Update 2019-07-02: I’ve taken an offer! Huge thanks to everyone who got in touch and/or shared that I was looking!
I was laid off from my job a week ago, along with many of my colleagues. Luckily for us, the friendly Twitter developer community has turned out in droves to help us. It’s generated a lot of leads.
I’ve noticed that my communications with contacts at these companies tend to fall into certain patterns. I ask many of the same questions of each. But I also find that I sometimes forget to ask certain details. Or worse, I ask questions in the wrong order, getting a bunch of details about the tech stack but then discovering the position isn’t remote-friendly, for example.
So I’m writing this post to help other job hunters avoid the same pitfalls. I mean for this to be a living document. If you have comments or suggestions, please get in touch!
Vetting the Company
The first step is to find a contact at the company you’re interested in. Ideally, this will be someone on the development team, not a recruiter. Developers can give you insight into the tech stack, the interview process, and the day-to-day duties of the job. They also tend to be more honest about the company’s shortcomings.
Your contact has limited time (and perhaps limited willingness to help you). Don’t waste it! Before reaching out, check resources like Glassdoor, which can give you info about the company culture and the hiring process.
Here are some questions to ask. Look up as many of the answers as you can on your own, and then let your contact fill in the blanks or provide context.
- Is this the right URL for the job posting? [Paste the URL you’ve found in. You need to ensure you’re both talking about the same position.]
- Is the position remote-friendly?
- Is it contract or full-time?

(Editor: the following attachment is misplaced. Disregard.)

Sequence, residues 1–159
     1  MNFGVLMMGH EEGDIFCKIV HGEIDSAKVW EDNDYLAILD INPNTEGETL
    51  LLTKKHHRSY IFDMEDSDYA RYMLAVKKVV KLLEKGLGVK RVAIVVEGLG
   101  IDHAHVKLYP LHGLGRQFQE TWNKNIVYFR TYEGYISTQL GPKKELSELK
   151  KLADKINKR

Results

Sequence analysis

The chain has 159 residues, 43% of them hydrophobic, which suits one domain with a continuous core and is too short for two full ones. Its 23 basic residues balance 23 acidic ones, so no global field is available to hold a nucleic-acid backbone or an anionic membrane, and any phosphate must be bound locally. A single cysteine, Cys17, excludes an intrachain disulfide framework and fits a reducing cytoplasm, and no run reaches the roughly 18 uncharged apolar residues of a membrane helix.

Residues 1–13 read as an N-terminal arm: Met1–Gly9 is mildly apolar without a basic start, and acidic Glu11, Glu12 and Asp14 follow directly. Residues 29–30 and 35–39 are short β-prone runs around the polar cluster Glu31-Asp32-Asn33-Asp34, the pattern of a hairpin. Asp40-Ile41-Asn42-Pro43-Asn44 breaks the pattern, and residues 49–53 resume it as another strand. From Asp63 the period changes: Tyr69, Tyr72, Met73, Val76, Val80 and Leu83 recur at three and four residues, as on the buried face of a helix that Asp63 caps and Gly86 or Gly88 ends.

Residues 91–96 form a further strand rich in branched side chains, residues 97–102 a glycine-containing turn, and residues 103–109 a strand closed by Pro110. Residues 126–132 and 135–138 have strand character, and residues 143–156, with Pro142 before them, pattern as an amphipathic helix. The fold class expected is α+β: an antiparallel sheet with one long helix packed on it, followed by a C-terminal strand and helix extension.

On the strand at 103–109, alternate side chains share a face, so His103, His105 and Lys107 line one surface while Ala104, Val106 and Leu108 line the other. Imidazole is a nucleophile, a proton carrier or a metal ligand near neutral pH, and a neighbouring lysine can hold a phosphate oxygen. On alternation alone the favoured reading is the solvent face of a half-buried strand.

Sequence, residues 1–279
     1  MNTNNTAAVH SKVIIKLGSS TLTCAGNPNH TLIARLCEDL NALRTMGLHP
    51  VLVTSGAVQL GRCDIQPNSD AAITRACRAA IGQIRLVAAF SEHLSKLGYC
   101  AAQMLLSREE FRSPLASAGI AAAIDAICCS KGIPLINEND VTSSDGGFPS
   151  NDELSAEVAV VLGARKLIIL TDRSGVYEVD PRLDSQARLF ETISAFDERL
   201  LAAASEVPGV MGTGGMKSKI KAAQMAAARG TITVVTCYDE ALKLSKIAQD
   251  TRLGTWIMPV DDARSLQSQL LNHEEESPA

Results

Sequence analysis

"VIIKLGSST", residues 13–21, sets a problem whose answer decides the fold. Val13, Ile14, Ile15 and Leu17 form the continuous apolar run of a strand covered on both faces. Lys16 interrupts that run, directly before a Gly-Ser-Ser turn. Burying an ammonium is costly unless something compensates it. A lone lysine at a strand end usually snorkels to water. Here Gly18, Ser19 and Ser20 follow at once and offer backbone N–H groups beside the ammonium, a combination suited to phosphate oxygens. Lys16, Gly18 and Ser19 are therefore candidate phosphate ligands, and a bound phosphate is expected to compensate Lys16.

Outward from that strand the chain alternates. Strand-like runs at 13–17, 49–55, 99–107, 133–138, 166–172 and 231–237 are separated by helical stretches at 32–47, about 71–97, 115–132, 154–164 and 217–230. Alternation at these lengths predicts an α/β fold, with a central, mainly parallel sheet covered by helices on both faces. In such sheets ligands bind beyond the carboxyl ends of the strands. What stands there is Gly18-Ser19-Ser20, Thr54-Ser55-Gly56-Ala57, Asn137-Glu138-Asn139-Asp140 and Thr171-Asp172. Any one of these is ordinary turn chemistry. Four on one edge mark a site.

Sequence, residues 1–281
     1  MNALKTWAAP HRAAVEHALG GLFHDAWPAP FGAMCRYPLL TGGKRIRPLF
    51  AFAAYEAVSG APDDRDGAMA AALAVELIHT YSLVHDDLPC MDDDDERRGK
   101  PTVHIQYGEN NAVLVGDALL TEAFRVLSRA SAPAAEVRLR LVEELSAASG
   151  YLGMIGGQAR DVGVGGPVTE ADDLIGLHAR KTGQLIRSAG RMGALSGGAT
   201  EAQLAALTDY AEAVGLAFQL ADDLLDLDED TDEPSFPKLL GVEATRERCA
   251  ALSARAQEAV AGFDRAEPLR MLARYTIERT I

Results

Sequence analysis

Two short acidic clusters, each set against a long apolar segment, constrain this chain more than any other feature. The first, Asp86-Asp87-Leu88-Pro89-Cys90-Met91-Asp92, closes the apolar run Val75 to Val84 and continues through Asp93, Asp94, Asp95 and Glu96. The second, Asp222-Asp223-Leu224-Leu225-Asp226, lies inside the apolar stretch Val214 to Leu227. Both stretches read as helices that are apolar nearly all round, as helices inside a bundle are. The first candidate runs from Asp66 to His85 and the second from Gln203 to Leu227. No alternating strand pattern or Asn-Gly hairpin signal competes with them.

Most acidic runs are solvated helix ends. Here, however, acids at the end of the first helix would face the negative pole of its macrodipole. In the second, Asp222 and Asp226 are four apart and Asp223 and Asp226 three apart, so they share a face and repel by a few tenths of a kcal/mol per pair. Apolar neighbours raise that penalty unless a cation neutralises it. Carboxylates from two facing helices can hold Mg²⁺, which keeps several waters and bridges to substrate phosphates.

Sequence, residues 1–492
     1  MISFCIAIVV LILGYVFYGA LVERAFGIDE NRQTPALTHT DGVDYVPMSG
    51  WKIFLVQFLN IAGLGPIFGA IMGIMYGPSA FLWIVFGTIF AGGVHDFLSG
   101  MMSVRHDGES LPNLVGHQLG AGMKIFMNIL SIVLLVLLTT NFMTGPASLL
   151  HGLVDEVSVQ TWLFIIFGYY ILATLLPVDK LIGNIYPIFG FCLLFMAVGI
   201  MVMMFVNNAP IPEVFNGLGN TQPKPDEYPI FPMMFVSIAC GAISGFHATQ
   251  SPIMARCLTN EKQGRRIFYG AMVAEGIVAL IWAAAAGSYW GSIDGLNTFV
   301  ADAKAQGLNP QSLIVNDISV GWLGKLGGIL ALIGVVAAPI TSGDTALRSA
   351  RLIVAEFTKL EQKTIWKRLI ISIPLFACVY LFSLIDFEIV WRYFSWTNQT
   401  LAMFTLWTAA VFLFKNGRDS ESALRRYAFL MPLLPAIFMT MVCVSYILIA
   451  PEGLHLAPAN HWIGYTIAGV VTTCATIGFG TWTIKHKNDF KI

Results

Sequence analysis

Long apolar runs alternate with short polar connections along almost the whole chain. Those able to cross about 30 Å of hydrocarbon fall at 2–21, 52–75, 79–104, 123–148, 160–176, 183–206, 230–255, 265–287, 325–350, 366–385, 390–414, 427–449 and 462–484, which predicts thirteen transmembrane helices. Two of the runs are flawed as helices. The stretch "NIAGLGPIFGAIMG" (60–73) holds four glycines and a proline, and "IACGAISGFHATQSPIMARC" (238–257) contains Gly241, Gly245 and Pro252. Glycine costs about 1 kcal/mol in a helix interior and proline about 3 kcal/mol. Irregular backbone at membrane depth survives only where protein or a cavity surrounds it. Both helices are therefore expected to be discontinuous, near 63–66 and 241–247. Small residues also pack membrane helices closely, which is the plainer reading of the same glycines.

- Anything you can tell me about the app architecture?
- Monolith or microservices?
- Backend language?
- JS framework?
- Anything you can tell me about the day-to-day routine on the job?
- How big is the team I’d be joining?
- What’s the hiring process like?
- On-site interviews or video conference?
- Algorithmic problems or practical knowledge?
- Whiteboarding, automated code challenge, pair programming session, or take-home problem?
- Can I mention I heard about the position from you? How do I do that?
- Is there an application form with an appropriate field?
- Do I mention you in my cover letter?
Getting Things Done
You’ll have a lot of contacts to keep track of, so you’ll need a simplified “CRM” setup. I’ve been using a spreadsheet with the following columns:
- Act by: This is the date you (think that you) next need to take action on this lead. When is the application due? When is your contact expecting a follow-up e-mail by?
- Company name.
- Position: I usually make it a link to the job posting, with the job title as the link text.
- Company rating: I usually make it a link to the company reviews on Glassdoor, with the star rating as the link text.
- Interview process: I usually make it a link to the company’s interview summaries on Glassdoor, with a quick summary of my research using the above questions as the link text.
- Contact name(s): person or people who referred you, or who you’ve spoken with at the company.
- Contact medium: Email/Twitter/LinkedIn/etc.
- Notes: What’s the status of this application? Is there a next step you need to take? Are you awaiting a response from someone?
Hope this helps everyone! Drop me a line if you have suggestions for things to add!